President Joe Biden was sworn into office on Jan. 20 and has since signed over 40 executive orders, 22 of which were signed during his first week. This is more than any president has signed during their first week in office, which has come with both praise and criticism. On his first day as president, Biden signed 17 executive orders surrounding issues ranging from the environment to COVID-19.
Biden’s first measure as president was asking Americans to wear a mask for the first 100 days of his administration as part of his “100 Days Masking Challenge.” Biden also issued an executive order that would require masks and social distancing in all federal buildings and on federal lands. He later issued another executive order requiring masks on planes, trains, busses and ferries.
Biden’s second order of business was to rejoin the Paris Agreement, an international treaty on climate change that former President Trump withdrew from in 2017. Biden also canceled the permit to build the Keystone XL Pipeline, a controversial move that many Republicans disapprove of. The pipeline was set to pass through Native American reservations in Montana and South Dakota and was expected to negatively impact the environment. The president also suspended drilling permits on federal land and water for 60 days
Biden also dealt with immigration on his first day in office. He reinstated the Deferred Action for Childhood Arrivals (DACA) program, which protects undocumented immigrants who arrive in the United States as children from deportation. Biden also signed an executive order allowing undocumented immigrants to be counted in the U.S Census and reversed a Trump-era executive order that cracked down on protecting them from deportation.
Later that day, President Biden terminated the construction of the border wall at the U.S.-Mexico border and plans to redirect funds used to construct the wall. He also reversed a Trump-era policy that forbade refugees and residents from seven predominantly Muslim countries from entering the United States.
The president then signed an executive order to extend the nationwide moratorium on evictions and foreclosures until March 31 due to the economic downfall caused by COVID-19. He also extended the pause on student federal loan payments and interest to Sept. 30.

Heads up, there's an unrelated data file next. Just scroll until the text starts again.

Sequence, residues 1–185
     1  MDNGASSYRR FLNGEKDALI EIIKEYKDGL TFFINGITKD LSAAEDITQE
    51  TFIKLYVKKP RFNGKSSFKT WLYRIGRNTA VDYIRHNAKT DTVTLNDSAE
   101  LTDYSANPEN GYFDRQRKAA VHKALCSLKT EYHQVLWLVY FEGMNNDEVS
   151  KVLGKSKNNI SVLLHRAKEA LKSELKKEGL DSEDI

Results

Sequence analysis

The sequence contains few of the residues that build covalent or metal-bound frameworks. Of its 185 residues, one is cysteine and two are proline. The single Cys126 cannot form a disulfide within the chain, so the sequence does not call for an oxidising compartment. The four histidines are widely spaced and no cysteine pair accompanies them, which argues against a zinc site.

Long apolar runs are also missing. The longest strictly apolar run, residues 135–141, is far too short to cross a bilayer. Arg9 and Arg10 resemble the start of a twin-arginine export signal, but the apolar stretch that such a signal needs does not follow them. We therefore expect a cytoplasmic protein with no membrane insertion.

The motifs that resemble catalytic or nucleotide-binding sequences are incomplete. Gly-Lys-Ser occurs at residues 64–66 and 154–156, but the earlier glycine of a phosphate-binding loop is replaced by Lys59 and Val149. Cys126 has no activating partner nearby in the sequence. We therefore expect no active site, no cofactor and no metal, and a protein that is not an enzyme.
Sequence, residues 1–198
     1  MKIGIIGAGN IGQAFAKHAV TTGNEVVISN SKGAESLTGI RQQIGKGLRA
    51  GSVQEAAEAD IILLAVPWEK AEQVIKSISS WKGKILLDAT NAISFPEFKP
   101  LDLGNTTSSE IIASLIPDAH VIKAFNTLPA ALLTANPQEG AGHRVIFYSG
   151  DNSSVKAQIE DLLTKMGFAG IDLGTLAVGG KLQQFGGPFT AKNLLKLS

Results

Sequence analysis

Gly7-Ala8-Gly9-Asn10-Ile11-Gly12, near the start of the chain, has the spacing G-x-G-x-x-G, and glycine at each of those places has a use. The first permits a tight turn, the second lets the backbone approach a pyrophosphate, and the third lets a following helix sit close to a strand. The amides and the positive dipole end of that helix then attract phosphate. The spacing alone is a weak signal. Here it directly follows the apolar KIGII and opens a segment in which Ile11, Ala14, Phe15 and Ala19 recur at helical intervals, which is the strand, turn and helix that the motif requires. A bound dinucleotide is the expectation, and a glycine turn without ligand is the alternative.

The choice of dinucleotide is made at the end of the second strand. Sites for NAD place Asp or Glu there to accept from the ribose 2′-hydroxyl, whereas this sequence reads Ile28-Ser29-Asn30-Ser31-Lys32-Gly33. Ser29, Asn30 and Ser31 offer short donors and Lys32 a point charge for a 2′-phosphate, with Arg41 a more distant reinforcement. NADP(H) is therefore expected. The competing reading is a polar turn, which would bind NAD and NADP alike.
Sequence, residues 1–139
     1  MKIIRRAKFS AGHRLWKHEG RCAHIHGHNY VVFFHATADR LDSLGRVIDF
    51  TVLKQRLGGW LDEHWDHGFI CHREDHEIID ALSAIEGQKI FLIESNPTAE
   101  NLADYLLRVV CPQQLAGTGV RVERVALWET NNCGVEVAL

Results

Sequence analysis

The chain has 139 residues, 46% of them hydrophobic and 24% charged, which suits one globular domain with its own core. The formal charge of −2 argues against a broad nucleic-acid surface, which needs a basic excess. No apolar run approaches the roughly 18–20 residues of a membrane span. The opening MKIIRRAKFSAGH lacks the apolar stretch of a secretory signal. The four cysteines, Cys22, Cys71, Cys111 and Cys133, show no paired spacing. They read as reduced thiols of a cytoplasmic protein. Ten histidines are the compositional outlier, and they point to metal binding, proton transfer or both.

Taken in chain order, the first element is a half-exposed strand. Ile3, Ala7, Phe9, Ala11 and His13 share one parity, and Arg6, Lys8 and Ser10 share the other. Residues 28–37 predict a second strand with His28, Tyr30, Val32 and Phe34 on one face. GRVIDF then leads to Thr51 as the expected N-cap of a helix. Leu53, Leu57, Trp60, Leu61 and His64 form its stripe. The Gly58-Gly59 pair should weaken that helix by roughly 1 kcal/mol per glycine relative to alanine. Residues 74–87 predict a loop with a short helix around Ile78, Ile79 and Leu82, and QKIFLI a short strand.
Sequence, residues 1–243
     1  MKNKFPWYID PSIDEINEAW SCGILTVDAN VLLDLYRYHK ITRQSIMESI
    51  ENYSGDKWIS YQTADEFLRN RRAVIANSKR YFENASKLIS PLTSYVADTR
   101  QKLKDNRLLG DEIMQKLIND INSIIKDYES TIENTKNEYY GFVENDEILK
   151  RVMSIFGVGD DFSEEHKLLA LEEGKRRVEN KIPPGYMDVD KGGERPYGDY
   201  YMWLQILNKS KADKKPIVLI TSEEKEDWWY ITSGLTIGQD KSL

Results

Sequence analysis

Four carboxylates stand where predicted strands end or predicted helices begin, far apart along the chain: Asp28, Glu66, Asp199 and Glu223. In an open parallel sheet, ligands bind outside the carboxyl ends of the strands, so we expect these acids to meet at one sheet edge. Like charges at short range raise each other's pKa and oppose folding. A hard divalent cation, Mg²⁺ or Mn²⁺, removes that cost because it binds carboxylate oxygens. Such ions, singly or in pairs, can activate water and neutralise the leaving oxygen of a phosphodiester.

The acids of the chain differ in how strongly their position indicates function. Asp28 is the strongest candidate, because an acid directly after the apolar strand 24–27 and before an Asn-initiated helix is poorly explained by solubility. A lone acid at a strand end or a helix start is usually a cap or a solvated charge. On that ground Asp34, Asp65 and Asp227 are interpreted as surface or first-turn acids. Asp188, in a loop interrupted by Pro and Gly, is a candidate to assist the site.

President Biden has signed a handful of other executive orders in the following week.
On Jan. 26, Biden issued a series of executive orders to address racial bias in housing programs and terminated the government’s use of private prisons. He also extended federal nondiscrimination protections to members of the LGBTQ+ community and reversed former President Trump’s transgender ban in the military.
The president also signed an executive order on Jan. 27 establishing a White House interagency council on environmental justice and an environmental justice office within the Justice Department. Under this order, the government must spend 40 percent of its sustainability investments on disadvantaged communities, further promoting equity in America.
In response to the pandemic, President Biden issued another series of executive orders, one with the goal of expanding access to COVID-19 vaccines. He also signed an order asking all executive agencies to share any data related to the coronavirus. Further, Biden signed an order that supported the reopening and continued operation of schools and early childhood education facilities despite the ongoing debate surrounding school closures.
Aside from executive orders, Biden rejoined the World Health Organization and vowed to work with them in response to COVID-19. Before his inauguration, Biden also unveiled a $1.9 trillion coronavirus stimulus deal, equating to $1,400 per American who is eligible. The bill would need to be approved by both the House and the Senate to pass.
On Jan. 22, the president laid out foundation to raise the minimum wage to $15 for federal employees. He later launched the “Buy American” campaign, which encourages the government to buy more American-made products.
For more information on Joe Biden’s presidential actions, visit www.whitehouse.gov/briefing-room/presidential-actions/.